Lithuania has earmarked 23 million euros for the country’s Sate Security Department, but Kęstutis Budrys, the VSD deputy director, says that additional financing is necessary to acquire new technologies and to maintain the existing ones to gather intelligence.
«The communication of terrorists is becoming more and moresophisticated; therefore we have to invest into new surveillance technologies, which are expensive. If we do not do it, we might be late,» the deputy director warned.
NSGK members shared the notion the service needs larger financing amid the roughed up security situation.
VSD asked extra 5.3 million euros to meet new security challenges.
Will the political will be there?
Tomas Janeliūnas, a Lithuanian political analyst and lecturer at the Institute of International Relations and Political Sciences, believes that getting Lithuanian political parties to vote for sending troops to fight IS might be hard.
«It all depends on the arguments that the parliamentarians will be approached with. I’d say that not all the political parties would support the initiative to send our servicemen to the combat zone,» Janeliūnas told BNN. «Particularly I’d doubt whether we would get the votes from the Party of Order and Justice, which is euroskeptic. The Labour Party might be also against it.»
The analyst says he is«skeptic» about Russia’s and West’s joint military response to IS.
«It is not Russia’s main focus, even after the tragic terrorist attacks in Paris and downing the Russian plane over Sinai. For Russia, it is a mere tool to make a comeback to the top-tier politics and bolster the regime at home,» Janeliūnas emphasized.
As a joint military action against ISIS would require intensive sharing of intelligence, Russia is not likely to open up its cards to the geopolitical rivals.
«And even Russia decides to join the battle in one form or another I don’t think it will do it very sincerely. The contribution would come bearing in mind own interests first of all,» the analyst says.
He believes that Lithuania might be safer on the fringes of the European Union, but danger cannot be downplayed.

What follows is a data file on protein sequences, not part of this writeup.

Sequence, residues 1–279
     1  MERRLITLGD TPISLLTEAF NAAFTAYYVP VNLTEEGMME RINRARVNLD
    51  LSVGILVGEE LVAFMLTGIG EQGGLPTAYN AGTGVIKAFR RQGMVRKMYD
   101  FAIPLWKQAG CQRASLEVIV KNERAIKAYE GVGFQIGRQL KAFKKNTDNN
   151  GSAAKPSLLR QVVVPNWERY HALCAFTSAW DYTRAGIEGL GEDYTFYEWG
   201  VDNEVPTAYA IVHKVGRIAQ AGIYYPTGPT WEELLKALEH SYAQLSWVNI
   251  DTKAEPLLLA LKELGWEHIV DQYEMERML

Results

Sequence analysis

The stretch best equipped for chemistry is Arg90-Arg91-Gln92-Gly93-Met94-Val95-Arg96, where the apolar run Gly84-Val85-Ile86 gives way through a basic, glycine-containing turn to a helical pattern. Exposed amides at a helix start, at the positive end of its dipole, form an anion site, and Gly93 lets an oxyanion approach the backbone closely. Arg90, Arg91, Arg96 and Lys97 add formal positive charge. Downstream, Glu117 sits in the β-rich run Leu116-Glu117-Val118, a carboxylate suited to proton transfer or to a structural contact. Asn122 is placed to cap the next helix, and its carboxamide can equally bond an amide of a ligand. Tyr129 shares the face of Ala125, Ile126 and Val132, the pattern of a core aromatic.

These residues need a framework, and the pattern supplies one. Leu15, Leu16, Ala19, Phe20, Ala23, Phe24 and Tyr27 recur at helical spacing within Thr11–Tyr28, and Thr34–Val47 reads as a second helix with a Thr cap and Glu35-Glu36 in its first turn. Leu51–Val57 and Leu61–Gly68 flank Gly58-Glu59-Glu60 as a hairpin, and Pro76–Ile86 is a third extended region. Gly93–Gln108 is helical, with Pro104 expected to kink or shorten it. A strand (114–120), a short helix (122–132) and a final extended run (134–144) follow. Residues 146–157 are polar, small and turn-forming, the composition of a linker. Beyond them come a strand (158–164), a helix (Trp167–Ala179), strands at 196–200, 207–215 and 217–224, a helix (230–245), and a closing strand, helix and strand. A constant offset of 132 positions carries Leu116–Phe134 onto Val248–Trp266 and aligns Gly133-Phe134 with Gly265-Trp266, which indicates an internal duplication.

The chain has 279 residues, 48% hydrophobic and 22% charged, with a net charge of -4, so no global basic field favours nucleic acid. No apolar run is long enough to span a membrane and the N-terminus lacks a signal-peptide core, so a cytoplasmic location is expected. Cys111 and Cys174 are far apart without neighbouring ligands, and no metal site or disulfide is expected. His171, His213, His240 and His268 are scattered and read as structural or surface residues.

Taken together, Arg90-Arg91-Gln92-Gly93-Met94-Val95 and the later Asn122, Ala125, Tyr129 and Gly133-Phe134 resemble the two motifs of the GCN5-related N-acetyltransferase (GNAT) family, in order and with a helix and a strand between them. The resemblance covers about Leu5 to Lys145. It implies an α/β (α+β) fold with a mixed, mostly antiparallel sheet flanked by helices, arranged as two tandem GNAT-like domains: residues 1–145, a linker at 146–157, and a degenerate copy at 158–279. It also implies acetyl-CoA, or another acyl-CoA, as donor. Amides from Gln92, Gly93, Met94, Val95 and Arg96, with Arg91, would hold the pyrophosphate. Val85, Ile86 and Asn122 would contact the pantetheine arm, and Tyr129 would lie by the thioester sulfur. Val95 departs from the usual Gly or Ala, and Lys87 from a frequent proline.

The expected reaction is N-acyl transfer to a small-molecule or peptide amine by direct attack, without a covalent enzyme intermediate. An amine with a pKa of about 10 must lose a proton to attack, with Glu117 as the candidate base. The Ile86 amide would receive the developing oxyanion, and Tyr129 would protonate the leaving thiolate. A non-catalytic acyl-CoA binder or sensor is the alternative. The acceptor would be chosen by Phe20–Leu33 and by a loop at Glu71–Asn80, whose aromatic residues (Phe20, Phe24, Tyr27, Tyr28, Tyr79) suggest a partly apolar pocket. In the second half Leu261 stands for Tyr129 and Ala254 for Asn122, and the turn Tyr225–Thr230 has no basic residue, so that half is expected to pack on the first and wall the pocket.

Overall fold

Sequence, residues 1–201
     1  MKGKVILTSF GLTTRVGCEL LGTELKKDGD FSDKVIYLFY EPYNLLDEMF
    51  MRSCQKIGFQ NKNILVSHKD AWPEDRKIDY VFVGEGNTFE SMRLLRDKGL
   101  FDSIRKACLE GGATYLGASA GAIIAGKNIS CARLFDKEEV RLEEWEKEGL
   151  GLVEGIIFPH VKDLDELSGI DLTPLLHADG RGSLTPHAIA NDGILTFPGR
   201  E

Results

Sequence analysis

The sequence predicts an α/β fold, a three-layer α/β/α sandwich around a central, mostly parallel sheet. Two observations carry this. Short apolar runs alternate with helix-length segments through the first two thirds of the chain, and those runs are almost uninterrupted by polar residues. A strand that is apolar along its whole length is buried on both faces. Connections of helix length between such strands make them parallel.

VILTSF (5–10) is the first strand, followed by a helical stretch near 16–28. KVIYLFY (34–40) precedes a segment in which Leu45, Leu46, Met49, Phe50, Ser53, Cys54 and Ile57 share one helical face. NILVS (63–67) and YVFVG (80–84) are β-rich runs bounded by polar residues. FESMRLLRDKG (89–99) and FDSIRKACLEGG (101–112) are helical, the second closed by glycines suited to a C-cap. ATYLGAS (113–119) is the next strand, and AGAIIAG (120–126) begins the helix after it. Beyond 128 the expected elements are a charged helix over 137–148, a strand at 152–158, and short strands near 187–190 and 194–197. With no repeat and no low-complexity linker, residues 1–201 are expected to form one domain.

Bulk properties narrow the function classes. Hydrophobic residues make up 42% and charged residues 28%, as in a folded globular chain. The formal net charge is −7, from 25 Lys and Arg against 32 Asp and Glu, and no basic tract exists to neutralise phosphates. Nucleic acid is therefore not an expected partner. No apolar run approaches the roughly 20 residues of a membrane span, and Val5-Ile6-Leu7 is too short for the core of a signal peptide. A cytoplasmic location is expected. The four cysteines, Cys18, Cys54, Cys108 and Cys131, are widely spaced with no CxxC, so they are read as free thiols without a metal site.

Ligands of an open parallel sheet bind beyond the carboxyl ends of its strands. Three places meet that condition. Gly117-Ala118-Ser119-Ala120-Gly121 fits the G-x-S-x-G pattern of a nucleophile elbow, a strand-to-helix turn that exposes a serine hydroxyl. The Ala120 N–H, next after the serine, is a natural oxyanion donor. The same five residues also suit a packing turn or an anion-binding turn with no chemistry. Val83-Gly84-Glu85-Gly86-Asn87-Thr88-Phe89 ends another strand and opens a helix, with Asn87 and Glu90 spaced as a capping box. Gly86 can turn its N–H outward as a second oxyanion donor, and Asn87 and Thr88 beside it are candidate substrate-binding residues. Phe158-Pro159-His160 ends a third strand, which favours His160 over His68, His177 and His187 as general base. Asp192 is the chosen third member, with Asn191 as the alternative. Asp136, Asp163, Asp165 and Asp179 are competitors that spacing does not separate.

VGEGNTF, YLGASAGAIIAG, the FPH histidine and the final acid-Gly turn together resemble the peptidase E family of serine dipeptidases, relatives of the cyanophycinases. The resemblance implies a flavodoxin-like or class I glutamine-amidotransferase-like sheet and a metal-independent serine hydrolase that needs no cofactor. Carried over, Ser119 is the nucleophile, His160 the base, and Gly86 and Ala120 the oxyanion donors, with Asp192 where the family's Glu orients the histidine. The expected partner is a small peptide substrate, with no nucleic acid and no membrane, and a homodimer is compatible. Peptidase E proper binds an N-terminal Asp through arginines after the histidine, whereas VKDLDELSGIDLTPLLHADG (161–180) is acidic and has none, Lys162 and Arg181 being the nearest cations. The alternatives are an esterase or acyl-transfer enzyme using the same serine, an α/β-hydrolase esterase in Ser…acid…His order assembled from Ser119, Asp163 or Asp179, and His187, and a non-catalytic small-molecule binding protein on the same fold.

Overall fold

«Terrorists will likely continue choosing countries and cities where they can make the biggest splash, but as the part of the European Union and NATO we cannot be calm that it won’t affect us someday,» the lecturer told.
On top of all issues: unpredictable Russia
Meanwhile, Vytautas Landsbergis, the patriarch of Lithuanian Conservatives and former MEP, says there are more important issues today after the Paris attacks than guessing whether Lithuania should join a West-orchestrated coalition against the Islamic State.
«Look, how Russia is trying to get around the tragedy and portray itself as a driving-force in the battle against the Islamic State. The West has to be very prudent and suspicious of Russia’s real intentions,» Landsbergis told BNN.
He pays attention to the fact he says many «for some reason” has omitted: the downing of the Russian passenger plane over the Sinai Peninsula.
«It was brought down over it, though there’s an important piece of information from some sources that went unnoticed by most: the watch mechanism of the explosive device appears to have been set two hours or so into the flight. It means that the blast had to occur with the plane flying over Ukraine, not over Sinai,» the octogenarian politician reasoned. «Imagine if it had been downed over Ukraine…The West cannot be tricked by Russia and whatever t does because it always minds own interests,» he emphasized.